Colonel Mahon. I appreciate the opportunity to appear before you today to testify on behalf of the Department of Defense on H.R. 9916, to amend title 10, United States Code, with respect to the nomination and selection of candidates for appointment to the Military, Naval, and Air Force Academies.

In summary, this bill includes provisions which will:

1. Establish eligibility in the sons of deceased veterans category for sons of members of the Armed Forces who died or were 100-percent disabled as a result of active service.

2. Establish authority for the President pro tempore of the Senate to nominate candidates for vacancies available to the Vice President, if there is no Vice President.

3. Establish eligibility in the Presidential category for sons of all career members of the Armed Forces who are on active duty and have been continuously on active duty for 8 years, or who are retired or who die while retired, and to enlarge the quota in this category at each academy from 75 to 100 per year.

4. Clarify the eligibility in the Reserve category for members of the National Guard, of the Army, and Air Force. I will discuss each of these proposed changes separately.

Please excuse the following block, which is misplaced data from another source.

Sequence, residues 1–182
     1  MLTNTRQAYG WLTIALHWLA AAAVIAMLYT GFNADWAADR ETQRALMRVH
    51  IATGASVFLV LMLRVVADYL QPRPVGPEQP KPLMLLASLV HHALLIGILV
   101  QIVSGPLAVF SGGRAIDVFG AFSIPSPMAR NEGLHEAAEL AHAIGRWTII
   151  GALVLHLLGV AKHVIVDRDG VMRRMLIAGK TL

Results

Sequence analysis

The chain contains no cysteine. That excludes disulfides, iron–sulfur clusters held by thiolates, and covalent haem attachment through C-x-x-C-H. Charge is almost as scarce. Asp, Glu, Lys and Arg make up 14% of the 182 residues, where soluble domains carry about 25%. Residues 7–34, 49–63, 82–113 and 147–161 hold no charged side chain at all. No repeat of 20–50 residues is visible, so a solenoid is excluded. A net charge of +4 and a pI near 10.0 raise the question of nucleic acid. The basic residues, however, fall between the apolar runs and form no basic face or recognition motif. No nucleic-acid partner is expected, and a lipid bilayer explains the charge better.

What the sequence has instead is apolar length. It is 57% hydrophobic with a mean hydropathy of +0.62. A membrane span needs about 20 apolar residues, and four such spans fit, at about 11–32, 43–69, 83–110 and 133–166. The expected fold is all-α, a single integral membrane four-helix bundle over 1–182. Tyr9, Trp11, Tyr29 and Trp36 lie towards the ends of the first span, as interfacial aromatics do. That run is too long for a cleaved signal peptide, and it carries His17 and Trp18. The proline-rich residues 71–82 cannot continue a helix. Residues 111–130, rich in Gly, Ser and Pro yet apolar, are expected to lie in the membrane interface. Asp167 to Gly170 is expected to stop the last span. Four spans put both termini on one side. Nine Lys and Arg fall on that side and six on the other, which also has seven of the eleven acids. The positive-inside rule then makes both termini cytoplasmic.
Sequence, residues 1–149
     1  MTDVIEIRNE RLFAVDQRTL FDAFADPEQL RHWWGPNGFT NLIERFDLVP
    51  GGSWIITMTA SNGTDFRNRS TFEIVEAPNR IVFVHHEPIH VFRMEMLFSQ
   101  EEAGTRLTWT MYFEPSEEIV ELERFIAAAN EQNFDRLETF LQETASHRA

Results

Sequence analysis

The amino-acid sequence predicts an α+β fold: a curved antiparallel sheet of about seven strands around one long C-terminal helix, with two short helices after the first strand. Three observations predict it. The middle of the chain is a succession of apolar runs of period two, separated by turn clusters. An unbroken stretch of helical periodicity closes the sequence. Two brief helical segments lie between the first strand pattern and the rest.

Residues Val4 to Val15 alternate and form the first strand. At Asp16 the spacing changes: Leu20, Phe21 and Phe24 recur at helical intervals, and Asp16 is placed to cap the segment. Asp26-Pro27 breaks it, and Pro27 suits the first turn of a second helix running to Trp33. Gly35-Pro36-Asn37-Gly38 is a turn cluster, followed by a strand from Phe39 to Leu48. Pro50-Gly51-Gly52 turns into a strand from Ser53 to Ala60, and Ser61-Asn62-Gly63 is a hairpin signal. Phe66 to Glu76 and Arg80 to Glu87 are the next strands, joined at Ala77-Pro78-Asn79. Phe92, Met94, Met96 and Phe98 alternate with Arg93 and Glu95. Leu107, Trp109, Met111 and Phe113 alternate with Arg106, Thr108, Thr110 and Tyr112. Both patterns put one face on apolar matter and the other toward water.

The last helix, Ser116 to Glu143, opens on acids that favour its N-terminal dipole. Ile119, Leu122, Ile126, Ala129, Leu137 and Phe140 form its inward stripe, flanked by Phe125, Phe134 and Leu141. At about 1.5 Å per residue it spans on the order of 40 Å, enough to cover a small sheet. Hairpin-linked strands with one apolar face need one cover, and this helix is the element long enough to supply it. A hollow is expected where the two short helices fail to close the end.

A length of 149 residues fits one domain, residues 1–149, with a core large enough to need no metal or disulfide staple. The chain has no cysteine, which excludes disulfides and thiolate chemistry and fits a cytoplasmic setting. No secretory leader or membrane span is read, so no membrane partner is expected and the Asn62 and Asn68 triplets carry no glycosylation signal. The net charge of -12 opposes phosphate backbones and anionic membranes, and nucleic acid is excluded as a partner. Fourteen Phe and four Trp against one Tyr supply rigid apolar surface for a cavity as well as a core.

The Department of Defense favors extending the eligibility in the sons of deceased veterans category to sons of veterans who are 100percent disabled, and to sons of veterans who are killed or disabled as a result of active duty. This will include sons of veterans killed or disabled in time of declared war, in time of cold war such as Korea or Vietnam and in peacetime. The families of those servicemen who are killed or disabled in line of duty during peacetime suffer the same hardships and are handicapped to approximately the same extent as the families who have suffered the loss of a husband and father in combat.

The Department of Defense believes it to be both logical and proper that our country afford the same opportunity to these young men that they afford to the sons of men who are killed or disabled in time of war. The determination of the Veterans' Administration as to service connection of the cause of death as well as the percent of disability will be binding upon the service Secretaries.

Little discussion is needed on the proposed change allowing the President pro tempore of the Senate to nominate candidates for vacancies authorized to the Vice President on those rare occasions when there is no Vice President. It parallels other arrangements to continue the functions of this office. The Department of Defense supports this change.